The big news in the browser department is Flash Lite support--a first for an Android smartphone. As you might have seen through the Adobe Open Screen Project, the HTC Hero's Google HTML Web browser allows you to view Flash content unlike most any other smartphone out there, but before you get too excited, we should warn you that we got mixed results. We checked out a couple of movie trailers from Yahoo Movies, and the site took forever to download, but we eventually got the clips to play. Double-clicking on the video will blow it up to full screen in landscape view. The video quality wasn't the best with a pixelated picture, but the trailers played with minimal interruption. On the other hand, when we tried to watch CNET TV videos, playback was jerky and consequently, audio and video didn't sync up. (Look for a video example soon.) We also couldn't get any Flash games to play. Obviously, not quite the experience we were looking for, but hopefully we'll get the real deal when full Flash Player 10 is released on devices.
The browser itself is quite decent. You can open multiple windows and it supports visual bookmarks, copy/paste, and the capability to share sites via e-mail, text message, Facebook, or Twitter. The HTC Hero offers Wi-Fi and Sprint's EV-DO Rev. A network for getting online. On Sprint's network, CNET's full site loaded in about 35 seconds, while CNN's and ESPN's mobile sties loaded in 8 seconds and 6 seconds, respectively. Of course, the multitouch capabilities benefit the Web browsing experience greatly, but we found that the navigation experience falls behind the iPhone Safari browers. For example, we didn't like that we had to bring up the browser menu to do basic browser navigation such as Back and Forward.
The multimedia capabilities of the HTC Hero are largely unchanged from the MyTouch 3G aside from the camera. The Hero gets a nice upgrade to a 5-megapixel lens and offers video recording capabilities and geotagging. To complement the geotagging, HTC offers its Footprints app, which we first saw on the HTC Cruise and enables you to capture the coordinates of where a photo was taken, add voice and text notes, plot them to Google Maps, and export them. It's a nice way to capture moments along a trip or save some of your favorite spots for shopping, dining, and so forth. Other features of the camera include zoom, autofocus, flicker adjustment, ISO settings, effects, and more.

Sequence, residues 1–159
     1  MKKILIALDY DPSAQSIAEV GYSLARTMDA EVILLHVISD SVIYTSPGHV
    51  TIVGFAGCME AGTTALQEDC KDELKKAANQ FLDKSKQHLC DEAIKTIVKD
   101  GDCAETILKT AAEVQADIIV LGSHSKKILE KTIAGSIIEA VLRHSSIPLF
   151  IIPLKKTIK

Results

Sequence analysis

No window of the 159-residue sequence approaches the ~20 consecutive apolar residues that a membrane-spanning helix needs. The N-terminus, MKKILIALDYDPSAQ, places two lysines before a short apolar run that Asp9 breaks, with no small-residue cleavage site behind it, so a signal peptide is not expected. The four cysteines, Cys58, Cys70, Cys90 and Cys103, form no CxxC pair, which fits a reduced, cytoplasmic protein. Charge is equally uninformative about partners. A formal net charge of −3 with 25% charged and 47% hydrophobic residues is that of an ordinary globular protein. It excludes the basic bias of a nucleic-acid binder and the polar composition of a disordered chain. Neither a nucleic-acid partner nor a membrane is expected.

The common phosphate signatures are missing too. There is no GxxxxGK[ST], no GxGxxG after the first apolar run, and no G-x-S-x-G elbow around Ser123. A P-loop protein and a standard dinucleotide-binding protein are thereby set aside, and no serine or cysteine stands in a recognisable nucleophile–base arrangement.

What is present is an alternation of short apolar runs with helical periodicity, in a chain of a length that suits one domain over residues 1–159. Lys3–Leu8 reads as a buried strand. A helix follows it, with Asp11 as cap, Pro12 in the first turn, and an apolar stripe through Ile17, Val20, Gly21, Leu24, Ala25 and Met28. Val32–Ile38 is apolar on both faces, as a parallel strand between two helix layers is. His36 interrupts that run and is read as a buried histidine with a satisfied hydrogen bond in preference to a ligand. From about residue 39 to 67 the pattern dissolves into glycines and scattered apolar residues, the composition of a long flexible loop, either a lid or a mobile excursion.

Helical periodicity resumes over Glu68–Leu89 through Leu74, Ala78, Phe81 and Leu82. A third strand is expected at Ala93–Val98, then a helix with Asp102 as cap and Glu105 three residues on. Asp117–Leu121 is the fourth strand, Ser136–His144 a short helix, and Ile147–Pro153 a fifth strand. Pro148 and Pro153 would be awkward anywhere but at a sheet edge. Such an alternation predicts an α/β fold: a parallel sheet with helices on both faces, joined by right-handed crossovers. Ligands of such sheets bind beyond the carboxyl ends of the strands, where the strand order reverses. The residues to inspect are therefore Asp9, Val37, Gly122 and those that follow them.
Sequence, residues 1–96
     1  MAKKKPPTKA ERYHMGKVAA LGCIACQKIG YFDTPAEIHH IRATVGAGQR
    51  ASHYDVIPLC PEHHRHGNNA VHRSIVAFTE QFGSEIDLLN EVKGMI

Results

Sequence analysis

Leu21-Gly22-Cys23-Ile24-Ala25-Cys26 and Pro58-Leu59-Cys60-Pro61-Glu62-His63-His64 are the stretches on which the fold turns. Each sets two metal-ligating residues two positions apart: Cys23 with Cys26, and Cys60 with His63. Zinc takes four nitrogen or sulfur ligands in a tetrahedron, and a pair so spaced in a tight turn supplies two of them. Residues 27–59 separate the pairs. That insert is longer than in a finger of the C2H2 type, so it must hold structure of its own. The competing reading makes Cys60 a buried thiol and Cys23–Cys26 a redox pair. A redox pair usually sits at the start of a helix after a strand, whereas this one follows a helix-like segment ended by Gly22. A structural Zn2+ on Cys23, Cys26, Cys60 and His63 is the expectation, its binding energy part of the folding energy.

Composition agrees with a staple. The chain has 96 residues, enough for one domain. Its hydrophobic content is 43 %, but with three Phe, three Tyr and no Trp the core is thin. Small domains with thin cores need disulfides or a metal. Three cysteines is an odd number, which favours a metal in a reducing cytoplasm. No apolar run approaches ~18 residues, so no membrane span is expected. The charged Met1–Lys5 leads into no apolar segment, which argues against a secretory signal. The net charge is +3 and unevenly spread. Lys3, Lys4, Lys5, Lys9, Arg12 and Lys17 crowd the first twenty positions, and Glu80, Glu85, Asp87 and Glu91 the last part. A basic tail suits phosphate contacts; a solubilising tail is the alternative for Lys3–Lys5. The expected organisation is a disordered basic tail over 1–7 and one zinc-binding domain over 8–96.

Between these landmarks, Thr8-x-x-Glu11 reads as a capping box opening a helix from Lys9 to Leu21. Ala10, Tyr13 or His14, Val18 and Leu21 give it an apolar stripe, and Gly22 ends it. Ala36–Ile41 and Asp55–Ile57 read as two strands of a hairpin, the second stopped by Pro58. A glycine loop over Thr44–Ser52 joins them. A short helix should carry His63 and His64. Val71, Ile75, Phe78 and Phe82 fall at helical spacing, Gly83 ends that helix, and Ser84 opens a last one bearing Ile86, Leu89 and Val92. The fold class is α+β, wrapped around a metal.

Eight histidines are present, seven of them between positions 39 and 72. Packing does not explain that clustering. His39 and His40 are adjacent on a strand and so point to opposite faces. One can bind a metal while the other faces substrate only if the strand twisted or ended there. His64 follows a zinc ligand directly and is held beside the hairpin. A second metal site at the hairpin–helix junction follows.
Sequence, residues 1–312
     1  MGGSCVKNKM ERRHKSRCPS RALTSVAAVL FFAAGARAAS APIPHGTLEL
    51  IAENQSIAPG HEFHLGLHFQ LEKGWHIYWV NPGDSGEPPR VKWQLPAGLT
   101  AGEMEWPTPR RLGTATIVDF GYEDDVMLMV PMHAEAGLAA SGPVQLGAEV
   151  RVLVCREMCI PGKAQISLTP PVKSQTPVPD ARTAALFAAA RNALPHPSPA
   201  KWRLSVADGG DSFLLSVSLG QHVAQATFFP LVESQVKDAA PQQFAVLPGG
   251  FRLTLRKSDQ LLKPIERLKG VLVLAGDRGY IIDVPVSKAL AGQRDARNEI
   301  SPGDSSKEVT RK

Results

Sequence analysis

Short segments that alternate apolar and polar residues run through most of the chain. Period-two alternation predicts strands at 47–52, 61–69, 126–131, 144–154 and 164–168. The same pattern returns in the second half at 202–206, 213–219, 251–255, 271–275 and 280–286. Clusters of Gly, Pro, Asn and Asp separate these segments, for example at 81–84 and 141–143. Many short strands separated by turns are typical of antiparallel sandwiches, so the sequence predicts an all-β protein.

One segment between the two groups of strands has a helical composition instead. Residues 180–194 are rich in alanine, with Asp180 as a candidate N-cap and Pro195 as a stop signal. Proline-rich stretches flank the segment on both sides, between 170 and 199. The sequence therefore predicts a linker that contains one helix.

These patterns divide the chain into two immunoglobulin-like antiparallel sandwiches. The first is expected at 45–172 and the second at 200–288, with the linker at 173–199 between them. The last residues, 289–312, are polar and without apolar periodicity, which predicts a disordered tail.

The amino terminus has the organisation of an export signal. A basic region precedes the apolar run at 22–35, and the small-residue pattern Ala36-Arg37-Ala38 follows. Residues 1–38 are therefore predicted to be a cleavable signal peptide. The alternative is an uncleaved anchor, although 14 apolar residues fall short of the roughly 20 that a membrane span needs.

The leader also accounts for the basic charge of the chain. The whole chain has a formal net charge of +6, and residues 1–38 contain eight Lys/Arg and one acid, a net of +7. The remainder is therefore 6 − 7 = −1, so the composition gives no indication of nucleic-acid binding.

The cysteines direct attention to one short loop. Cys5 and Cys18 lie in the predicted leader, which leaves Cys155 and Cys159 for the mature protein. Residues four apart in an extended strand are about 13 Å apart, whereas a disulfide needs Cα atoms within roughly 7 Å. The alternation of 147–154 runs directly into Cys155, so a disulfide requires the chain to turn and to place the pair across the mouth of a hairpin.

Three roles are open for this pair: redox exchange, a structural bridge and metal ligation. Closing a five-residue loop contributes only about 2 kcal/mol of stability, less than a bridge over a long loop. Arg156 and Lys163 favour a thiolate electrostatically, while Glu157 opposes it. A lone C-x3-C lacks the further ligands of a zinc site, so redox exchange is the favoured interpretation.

Picture quality was bit disappointing for a 5-megapixel camera. We would have liked a little more richness in color, but we were more frustrated with the fact that it was hard to get a clear shot. There's a bit of shutter lag, so you have to be careful not to pull away too quickly after pressing the trackball/capture key. Even when we were cautious, we'd still end up with somewhat fuzzy images. Unfortunately there's a bit of sluggishness in the camera feature. First, there's a bit of a shutter lag, so be sure not to pull your hand away immediately after pressing the trackball/capture key, otherwise you might end up with a blurry image. Also, the camera options didn't always appear after pressing the Menu button. Often, we had to press it several times in order for it to surface, so that was puzzling and frustrating.
With the images you have taken, you can view them through the Albums app and then share them with the world via Facebook, Flickr, Twitter, e-mail, or a multimedia message. Videos can also be shared through e-mail and multimedia message, and there's an option to upload them to YouTube right from the device.
The built-in media player is decent enough. It supports MP3, AAC, AMR-NB, WAV, MIDI, and Windows Media Audio 9 format and includes shuffle, repeat, and playlist creation. You can advance and revisit previous tracks by tapping the forward and back buttons or you can swipe the album covers using the touch screen. The main issue with the HTC Hero and any of the previous Android phones actually is that there's no syncing software to help you manage and transfer your music. As it is right now, you have to use the old drag-and-drop method using the USB cable. It'd also be great to have a file manager so we could more easily find files from our SD card.
Of course, you can also download songs via the Amazon MP3 store. The store allows you to browse by album, song, artist, or genre, and single tracks cost about $0.99, while albums can range anywhere from $2.49 to $10.99. You can download the DRM-free songs over Sprint's 3G network or over Wi-Fi. The HTC Hero offers 512MB ROM and 288MB RAM, and the microSD expansion slot can accept up to 32GB cards.